PRO & CON – At last week’s informational meeting on the proposed school levies, it was clear that good friends don’t have to always agree. Farmer and former school board member Dave Hedlin, center, supports the levy requests. Seated next to him is Dave Buchan, who wrote the guest editorial against the levies in last week’s paper, and Buchan’s wife, Susan Macek, director of the La Conner Library Foundation. – Photo by Don Coyote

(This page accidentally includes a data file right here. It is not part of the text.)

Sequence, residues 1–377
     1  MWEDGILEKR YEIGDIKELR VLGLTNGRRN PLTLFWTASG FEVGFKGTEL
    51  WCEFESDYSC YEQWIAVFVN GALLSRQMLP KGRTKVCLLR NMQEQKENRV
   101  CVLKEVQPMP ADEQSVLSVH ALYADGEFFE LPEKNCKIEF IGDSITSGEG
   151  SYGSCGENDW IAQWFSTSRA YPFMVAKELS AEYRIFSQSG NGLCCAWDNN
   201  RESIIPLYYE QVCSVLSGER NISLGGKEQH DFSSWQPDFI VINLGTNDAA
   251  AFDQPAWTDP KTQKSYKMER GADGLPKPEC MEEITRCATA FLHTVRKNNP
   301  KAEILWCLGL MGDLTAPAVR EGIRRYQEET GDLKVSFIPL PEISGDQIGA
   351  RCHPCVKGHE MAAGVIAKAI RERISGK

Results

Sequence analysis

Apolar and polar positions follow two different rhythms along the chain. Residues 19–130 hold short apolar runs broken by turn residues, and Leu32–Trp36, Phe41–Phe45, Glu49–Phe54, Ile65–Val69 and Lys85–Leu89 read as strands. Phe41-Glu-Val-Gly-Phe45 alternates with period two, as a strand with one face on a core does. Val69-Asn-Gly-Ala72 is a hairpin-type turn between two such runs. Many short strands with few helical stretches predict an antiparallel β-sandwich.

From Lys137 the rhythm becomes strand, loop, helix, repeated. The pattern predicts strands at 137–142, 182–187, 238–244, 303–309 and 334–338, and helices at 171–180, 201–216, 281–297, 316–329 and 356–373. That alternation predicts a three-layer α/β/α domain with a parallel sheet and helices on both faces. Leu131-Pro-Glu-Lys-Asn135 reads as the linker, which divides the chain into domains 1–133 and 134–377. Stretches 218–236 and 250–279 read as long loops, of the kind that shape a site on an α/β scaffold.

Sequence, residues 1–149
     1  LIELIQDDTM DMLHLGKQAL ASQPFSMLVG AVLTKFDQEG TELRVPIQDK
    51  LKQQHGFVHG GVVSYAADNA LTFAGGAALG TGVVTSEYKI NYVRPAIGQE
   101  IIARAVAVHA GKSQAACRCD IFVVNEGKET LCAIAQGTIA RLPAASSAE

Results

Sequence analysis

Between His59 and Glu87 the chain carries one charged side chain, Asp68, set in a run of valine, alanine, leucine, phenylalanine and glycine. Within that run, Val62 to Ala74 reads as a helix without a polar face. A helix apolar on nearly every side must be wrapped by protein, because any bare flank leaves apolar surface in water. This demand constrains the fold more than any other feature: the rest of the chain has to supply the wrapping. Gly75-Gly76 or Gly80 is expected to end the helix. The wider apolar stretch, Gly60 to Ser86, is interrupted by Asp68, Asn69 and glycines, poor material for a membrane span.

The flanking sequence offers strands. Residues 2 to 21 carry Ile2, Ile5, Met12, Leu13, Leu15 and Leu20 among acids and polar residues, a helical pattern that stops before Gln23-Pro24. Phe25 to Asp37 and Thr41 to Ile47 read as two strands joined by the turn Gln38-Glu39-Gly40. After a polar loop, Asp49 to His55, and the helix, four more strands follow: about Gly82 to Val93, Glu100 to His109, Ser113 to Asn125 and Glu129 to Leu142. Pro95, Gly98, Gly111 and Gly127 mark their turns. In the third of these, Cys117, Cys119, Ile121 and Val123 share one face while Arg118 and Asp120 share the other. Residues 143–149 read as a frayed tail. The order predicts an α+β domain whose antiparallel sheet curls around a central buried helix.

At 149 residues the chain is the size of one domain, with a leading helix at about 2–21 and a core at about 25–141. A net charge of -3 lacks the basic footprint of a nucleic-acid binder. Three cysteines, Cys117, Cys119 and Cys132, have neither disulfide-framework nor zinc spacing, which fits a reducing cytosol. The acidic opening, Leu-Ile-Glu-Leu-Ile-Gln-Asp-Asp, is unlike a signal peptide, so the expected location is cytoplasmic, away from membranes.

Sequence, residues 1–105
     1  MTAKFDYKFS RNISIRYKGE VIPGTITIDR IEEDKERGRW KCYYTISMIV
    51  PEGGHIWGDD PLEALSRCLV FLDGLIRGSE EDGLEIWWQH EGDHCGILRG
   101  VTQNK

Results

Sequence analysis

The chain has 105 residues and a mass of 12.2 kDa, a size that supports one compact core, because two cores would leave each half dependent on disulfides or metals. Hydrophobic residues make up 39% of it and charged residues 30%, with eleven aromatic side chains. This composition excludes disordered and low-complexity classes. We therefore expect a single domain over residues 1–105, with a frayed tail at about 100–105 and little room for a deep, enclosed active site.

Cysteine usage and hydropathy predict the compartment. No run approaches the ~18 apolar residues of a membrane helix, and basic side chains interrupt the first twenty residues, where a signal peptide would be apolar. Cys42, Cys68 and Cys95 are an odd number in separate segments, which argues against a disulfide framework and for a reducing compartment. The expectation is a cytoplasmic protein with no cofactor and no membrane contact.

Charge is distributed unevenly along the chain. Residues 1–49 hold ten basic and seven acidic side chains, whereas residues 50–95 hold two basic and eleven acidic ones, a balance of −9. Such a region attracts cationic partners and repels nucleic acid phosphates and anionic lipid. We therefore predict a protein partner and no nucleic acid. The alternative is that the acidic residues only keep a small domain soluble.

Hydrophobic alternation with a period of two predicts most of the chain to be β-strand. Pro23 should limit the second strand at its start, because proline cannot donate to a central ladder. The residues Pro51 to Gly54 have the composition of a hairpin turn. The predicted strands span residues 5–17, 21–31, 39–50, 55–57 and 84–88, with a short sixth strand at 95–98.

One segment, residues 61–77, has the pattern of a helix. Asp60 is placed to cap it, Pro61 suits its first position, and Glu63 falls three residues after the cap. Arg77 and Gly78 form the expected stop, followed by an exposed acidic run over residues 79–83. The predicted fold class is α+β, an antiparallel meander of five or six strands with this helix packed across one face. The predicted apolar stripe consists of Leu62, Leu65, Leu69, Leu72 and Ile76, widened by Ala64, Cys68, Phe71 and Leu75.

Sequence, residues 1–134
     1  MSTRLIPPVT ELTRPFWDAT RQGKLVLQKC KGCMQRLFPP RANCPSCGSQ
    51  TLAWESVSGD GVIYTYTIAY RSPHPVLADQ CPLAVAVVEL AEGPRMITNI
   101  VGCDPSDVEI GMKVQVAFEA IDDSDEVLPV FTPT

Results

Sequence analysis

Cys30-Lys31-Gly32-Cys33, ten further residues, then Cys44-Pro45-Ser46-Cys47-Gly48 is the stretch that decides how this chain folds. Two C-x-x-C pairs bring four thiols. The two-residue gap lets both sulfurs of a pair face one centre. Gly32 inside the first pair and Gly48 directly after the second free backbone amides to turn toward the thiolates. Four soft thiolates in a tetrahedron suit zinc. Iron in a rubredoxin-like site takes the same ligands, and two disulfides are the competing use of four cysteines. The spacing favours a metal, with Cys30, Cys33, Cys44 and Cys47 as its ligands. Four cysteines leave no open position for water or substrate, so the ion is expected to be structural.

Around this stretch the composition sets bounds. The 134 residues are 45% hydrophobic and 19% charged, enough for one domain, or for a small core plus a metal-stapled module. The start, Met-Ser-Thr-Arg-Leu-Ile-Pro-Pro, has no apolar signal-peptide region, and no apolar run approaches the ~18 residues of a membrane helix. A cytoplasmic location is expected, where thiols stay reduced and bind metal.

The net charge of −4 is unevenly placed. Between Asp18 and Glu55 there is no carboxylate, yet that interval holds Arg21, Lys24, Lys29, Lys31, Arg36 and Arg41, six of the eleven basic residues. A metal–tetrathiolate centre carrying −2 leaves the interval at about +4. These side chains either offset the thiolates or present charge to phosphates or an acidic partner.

About 50 people gathered at Maple Hall last week to hear La Conner Schools officials make the case for passing two levies totaling nearly $1.5 million in next month’s election. School officials have scheduled another meeting for today at 7 p.m. at the Shelter Bay clubhouse. Most of the voters in Shelter Bay live on land that cannot be taxed by the school district. But on the La Conner side of the Swinomish Channel, where voters still pay school taxes, several people stood up at last week’s meeting to voice their frustration with the tax shift initiated by a federal court’s now locally infamous Great Wolf Lodge decision. Many homeowners on land that is taxed by the school district saw their property taxes rise by more than 20 percent last year after the Skagit County Assessor took 931 parcels off the tax rolls and shifted the tax burden to the remaining taxpayers. The school wants voters to approve a maintenance and operations levy of $1,195,000 for 2017 and 2018 to pay for programs such as drama, athletics, music, foreign language instruction and other enrichment programs that the state doesn’t fund. In addition, the district is asking voters to approve an additional levy of $295,000 for technology expenditures. The district buys laptop computers for every high school student to use at school and at home and also keeps classroom technology up to date. The new proposed levies will replace levies passed in 2012 that expire at the end of this year. La Conner resident and bed and breakfast inn owner Kim Rubenstein said her property taxes went up by $3,500 last year when homes in Shelter Bay and in the Pull & Be Damned neighborhood came off the tax rolls, and the taxes they used to contribute went on her bill and onto the bills of the other remaining taxpayers. She told the school officials she’s never voted against a school levy, but if the proposed levies fail, her total property tax bill will go back closer to what it used to be. The tax shift last year created financial hardships for some people by taking away money for essentials like food and home repair, she said. “We don’t want to say no,” Rubenstein said. “But we have to feed our families and re-roof our houses.” In all, 10 taxpayers spoke against the levy, many asking the school district to make cuts in its budget, just as they had to do in their households. “Some of us feel like we were being victimized by the tax shift,” Pam Church said. Not all people who still pay taxes agree that voting down the school levies is the way to go. Farmer Dave Hedlin, who served on the school board for 20 years, drew chuckles when he said, “Every day I thank the Good Lord I got off before Great Wolf happened.” Hedlin was one of two people, besides school officials, who spoke in support of the levies. The other person favoring the levies is a teacher who lives in a home that is not taxed. While Hedlin said he understands the frustrations of the people left stuck with the tax bills, he intends to support the levy requests because “this needs to be resolved at a higher level,” meaning in the state and federal legislatures. Resident Bob Raymond asked how underwriters for the $20 million school construction bond voters approved in February 2013 overlooked the fact that the Great Wolf Lodge case was already before the U.S. Ninth District Court of Appeals. Five months after the bond was approved, the federal court ruled that structures built on tribal land are immune from state and county property taxes, regardless of who owns the structures. The school district’s bond attorney, Cynthia Weed, explained that for many years it was accepted practice in the state for non-tribal people who build their homes on leased tribal land to pay personal property tax on the value of the structures they own. When the bonds were issued, there was no reason to believe that would change, she said. Even in the wake of Great Wolf, she said, the current tax debacle is not considered a risk to the school district’s ability to repay the bonds since the obligation could be shifted to the remaining taxpayers. However, she said, the court did not say there was no possible way to tax the structures owned by non-tribal members. Weed said the court ruled that assessing property tax was the wrong way to do it. That means, she said, there could be state legislative fixes for the situation. Weed also said that after the Great Wolf ruling, the state Department of Revenue was lobbied to produce its “Property Tax Advisory” document issued on March 31, 2014, stating that the structures on tribal land were immune from state and local property taxes. She would not say who did the lobbying. La Conner Mayor Ramon Hayes, who said he will cast a “yes” on the levies because he doesn’t want to punish the school district, quickly latched onto Weed’s statements. He said it looks like “the books were cooked before we even knew about it, and there was a legislative option right from the beginning.” Hayes, along with school and other town officials, has been in frequent contact with state and federal lawmakers over the Great Wolf tax inequity. The state legislative session has just begun this year, and the elected officials can expect another earful from La Conner. School Board President Rick Thompson noted that the district has pared back its levy request — asking for an amount that is actually smaller than what voters approved in 2012. The levy funding accounts for about 14 percent of the school’s budget, school officials say, and the district relies on the tax money to keep its educational programs up to par. In asking for fewer dollars than in the last levy request, “we’re making an effort to make it more equitable for the taxpayers,” Thompson said.